I found the stages looked alright, though there are a fair bit of jaggies present on many of the backgrounds. Enemy models look okay from far away, but up close don’t hold up that well. Almost every enemy type has 1 model, so you will be killing the same zombie, raptor, killer robot or skeleton again and again. Lot’s of clipping occurs as enemies walk through plants and other pieces of the environments. Larger enemies show up as you progress through each stage but barely take more effort to dispatch than the rest of the lemmings headed your way. Some stages look clear, but others are very dark or washed out giving an odd disparity between levels. There is a cool slow-motion mechanic at work that lets you catch a breath as you still move at the same speed but when enemies are hit, in or out of slow-mo, their ragdoll physics take over and many just go sailing back as if they were hit by a semi truck. What’s jarring is that in slow-mo the enemies get super jerky, as if they only contain a few preset animations that become glaringly awful and look laughably bad. Overall, Time Carnage doesn’t look awful, but outside of the ‘tunnel’ loading screen and the light bending sphere that brings and removes you from a stage, there is almost nothing here that you haven’t seen before in a VR wave shooter.
On the audio side, this is pretty much on par with the visuals. Some intense music accompanies each level and each enemy has a different sounding footstep that gives away when they are coming, should you be facing the wrong direction. Many of the ‘footstep’ sounds are really loud and don’t change in volume whether that creature is very far away or right next to you. Add in that the some of your enemies will make footsteps sounds long before they appear making for some odd moments in the game where you are just waiting for them to rear their ugly heads so you can take them out quickly.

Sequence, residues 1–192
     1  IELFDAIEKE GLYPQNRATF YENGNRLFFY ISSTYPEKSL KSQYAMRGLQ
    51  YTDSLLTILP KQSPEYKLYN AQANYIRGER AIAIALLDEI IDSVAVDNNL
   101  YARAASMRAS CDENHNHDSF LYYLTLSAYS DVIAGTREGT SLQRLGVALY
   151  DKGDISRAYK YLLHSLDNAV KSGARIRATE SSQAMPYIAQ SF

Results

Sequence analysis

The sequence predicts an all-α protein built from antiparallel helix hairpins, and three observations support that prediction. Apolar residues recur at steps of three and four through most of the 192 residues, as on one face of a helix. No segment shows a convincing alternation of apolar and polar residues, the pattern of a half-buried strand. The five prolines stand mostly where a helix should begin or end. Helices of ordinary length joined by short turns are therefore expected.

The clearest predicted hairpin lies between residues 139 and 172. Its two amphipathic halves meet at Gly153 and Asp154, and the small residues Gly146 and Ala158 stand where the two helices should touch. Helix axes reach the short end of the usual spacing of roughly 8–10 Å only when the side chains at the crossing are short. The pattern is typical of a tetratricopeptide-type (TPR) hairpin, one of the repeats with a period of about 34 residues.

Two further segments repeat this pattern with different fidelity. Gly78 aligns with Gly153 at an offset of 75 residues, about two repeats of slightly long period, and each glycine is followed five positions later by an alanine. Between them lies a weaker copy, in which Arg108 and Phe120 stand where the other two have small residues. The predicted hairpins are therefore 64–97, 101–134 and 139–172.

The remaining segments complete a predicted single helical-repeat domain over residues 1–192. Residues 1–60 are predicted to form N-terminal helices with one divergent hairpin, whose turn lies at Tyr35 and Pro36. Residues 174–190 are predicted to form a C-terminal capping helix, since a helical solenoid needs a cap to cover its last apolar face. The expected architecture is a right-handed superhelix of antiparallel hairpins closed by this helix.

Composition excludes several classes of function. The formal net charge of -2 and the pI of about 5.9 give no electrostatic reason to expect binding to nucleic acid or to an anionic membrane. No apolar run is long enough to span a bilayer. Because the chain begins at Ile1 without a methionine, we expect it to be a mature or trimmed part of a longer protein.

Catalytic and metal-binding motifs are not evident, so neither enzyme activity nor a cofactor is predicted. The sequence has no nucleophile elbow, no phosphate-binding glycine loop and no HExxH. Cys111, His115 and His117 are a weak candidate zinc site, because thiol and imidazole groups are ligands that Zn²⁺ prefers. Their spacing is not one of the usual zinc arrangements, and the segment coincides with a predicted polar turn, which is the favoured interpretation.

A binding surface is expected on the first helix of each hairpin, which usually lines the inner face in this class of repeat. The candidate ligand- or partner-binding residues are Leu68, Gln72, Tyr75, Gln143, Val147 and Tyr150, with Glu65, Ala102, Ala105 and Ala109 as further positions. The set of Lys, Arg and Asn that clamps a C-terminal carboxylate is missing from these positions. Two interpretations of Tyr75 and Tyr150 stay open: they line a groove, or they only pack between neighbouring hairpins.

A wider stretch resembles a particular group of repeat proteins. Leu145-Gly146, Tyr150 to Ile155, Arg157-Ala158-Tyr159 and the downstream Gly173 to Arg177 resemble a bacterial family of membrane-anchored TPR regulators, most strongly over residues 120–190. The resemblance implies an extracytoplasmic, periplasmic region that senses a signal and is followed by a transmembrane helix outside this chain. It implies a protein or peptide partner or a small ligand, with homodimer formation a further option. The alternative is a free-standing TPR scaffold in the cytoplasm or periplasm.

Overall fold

Like many wave shooters released recently, this one suffers from a lack of any real innovation. It’s sweet that the enemy types here have so much genre variety, but they all basically play the same and the story linking these stages together is next to non-existent. The reloading mechanic is sort of new, though we have seen similar reloading systems in both Shooty Fruity and Sneaky Bears. Monsters follow pre-set paths with next to no AI and while you can choose 4 different guns in your loadout, I found that just choosing 4 of the same gun made for the easiest loadout and many earlier weapons just become useless as you unlock more powerful variants. The additional challenge modes add some depth to this shooter, but most of the game is so repetitive that only after a few waves, I was just bored from the monotony.
What would I pay? Time Carnage is loaded with content but is so mundane as to make most of that content feel redundant. It’s not broken by any stretch, and for those who are looking forward to another wave shooter $20 isn’t nuts. For anyone else who is just tired of this genre, Time Carnage isn’t going remedy that feeling. $10 is as much as I’d pay for this.
Wales Interactive provided The VR Grid with a review code for this title and, regardless of this review, we thank them for that!